She would talk about laissez, laissez, I sure serve some tantalizing pancakes. And they would spell this out phonetically to make to you understand that she didnt exactly use the King's English. Well, when Quaker Oats hired Ione Brown, they got more than they bargained for because she would actually use the King's English and she would, even though she was depicting this character, she would lift her up.

MARTIN: How do you think that writing this book has changed you?

NORRIS: You know, I - I'm going to answer with a bit of a question mark because I think I haven't settled yet. I find that new aspects of the story wash over me all the time as I see things differently or I discover things or as my children start asking me questions, and as they get older and as those questions will get sharper, it will wash over me yet anew.

I know one thing has changed for me, though, and its that I believe very strongly in the importance of trying to understand where youve come from and capturing your family legacy, in encouraging people to open up, in examining not just, you know, the letters that have been put away in boxes, but the memories that have been put away in people's minds, to give them an opportunity to talk about that because you understand. You have a much better sense of where youre going if you really truly, truly understand where youve been. And if youre able to then pass that on to yet the next generation, it's an incredible gift.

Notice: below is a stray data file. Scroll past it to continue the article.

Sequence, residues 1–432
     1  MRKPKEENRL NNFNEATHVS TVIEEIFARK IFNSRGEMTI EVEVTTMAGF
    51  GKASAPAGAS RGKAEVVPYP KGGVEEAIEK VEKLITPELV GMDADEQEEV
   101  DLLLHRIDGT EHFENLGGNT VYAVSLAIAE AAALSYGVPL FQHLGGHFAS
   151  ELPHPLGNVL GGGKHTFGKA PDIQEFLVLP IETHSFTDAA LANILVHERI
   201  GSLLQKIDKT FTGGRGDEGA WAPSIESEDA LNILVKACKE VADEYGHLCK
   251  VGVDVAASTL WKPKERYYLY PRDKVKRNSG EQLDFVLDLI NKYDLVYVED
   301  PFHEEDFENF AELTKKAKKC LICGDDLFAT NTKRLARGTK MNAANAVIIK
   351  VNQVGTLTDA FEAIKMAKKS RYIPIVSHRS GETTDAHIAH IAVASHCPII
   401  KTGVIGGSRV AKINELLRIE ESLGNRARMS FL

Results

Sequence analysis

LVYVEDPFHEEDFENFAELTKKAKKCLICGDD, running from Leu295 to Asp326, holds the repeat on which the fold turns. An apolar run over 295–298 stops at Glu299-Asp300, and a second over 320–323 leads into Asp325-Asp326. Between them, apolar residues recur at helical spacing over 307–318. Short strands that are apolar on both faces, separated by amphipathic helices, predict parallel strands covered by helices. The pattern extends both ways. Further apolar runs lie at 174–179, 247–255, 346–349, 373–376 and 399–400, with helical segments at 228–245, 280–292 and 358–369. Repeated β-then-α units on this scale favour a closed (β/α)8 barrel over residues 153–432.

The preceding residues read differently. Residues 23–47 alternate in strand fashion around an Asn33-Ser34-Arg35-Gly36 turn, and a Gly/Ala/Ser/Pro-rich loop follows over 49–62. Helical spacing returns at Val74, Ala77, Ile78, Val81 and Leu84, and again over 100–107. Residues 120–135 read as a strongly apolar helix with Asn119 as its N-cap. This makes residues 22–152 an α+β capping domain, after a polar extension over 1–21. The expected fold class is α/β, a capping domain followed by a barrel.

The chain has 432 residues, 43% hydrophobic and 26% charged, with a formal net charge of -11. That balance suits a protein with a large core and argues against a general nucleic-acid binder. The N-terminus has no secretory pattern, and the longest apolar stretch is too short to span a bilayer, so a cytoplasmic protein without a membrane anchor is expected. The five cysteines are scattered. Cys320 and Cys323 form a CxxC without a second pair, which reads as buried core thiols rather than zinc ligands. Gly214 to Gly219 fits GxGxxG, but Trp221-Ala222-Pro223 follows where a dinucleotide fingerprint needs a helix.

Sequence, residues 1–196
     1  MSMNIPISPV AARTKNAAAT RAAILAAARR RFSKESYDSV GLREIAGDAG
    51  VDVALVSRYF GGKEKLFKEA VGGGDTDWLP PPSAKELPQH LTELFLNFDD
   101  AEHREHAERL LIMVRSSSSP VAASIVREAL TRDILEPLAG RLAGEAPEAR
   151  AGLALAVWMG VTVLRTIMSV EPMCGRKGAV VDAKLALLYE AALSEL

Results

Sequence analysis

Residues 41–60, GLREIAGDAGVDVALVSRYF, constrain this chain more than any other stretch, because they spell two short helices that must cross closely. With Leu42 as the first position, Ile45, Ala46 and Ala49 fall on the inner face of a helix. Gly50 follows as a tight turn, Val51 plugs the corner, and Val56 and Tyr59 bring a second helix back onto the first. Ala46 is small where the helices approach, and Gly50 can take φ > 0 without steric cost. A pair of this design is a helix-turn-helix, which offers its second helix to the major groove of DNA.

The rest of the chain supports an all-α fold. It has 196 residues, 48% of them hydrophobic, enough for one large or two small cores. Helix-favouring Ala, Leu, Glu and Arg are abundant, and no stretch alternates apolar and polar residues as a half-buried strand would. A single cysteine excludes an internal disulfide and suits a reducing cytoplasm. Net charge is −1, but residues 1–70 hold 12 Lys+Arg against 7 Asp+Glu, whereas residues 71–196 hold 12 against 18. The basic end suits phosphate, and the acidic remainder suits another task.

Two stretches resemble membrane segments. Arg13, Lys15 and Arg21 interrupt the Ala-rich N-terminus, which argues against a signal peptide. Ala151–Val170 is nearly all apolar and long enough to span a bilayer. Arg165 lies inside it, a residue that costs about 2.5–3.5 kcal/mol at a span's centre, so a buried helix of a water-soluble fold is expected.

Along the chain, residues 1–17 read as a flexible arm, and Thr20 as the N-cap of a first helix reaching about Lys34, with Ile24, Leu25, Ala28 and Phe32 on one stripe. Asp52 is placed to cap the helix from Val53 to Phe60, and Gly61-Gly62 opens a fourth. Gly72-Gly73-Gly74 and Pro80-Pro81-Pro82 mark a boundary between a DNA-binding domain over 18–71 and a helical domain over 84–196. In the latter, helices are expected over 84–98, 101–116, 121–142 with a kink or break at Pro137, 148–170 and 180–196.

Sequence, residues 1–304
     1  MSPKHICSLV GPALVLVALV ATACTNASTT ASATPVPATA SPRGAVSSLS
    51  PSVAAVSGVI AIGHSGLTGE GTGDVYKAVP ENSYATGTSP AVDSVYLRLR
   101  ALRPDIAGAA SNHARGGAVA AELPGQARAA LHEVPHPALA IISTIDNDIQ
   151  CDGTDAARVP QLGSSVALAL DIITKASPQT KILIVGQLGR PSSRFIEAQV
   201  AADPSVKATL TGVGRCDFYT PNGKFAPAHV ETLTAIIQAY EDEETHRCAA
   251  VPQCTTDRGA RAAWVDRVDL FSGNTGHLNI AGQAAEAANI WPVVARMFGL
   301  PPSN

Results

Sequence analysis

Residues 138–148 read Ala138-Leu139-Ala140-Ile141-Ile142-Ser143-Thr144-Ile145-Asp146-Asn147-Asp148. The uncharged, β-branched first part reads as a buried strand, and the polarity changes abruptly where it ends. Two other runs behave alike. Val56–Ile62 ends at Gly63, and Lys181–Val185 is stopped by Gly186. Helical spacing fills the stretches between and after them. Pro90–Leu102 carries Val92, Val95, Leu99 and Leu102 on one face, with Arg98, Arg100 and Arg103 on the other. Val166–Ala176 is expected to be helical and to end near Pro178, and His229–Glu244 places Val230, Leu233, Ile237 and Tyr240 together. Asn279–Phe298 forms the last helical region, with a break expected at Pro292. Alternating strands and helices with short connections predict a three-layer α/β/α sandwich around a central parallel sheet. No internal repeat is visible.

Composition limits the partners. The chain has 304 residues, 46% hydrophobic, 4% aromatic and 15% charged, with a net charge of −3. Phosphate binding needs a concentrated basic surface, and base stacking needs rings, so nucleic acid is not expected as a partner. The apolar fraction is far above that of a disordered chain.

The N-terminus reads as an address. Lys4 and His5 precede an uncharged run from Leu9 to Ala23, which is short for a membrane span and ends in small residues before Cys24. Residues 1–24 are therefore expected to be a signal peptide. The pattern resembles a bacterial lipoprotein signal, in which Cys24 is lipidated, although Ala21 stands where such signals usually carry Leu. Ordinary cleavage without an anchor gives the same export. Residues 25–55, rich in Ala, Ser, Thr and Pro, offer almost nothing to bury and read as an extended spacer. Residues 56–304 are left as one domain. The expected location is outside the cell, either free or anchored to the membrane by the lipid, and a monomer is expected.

MARTIN: Michele Norris is the author of "The Grace of Silence: A Memoir." And, of course, she is one of the hosts of NPR's ALL THINGS CONSIDERED. We caught up with her in Chicago at Chicago Public Radio. Michele, thank you so much for speaking with us.

NORRIS: Michel, it's been great to be with you. Thanks so much.

(Soundbite of music)

MARTIN: And that's our program for today. Im Michel Martin and youve been listening to TELL ME MORE from NPR News and the African-American Public Radio Consortium. Lets talk more tomorrow.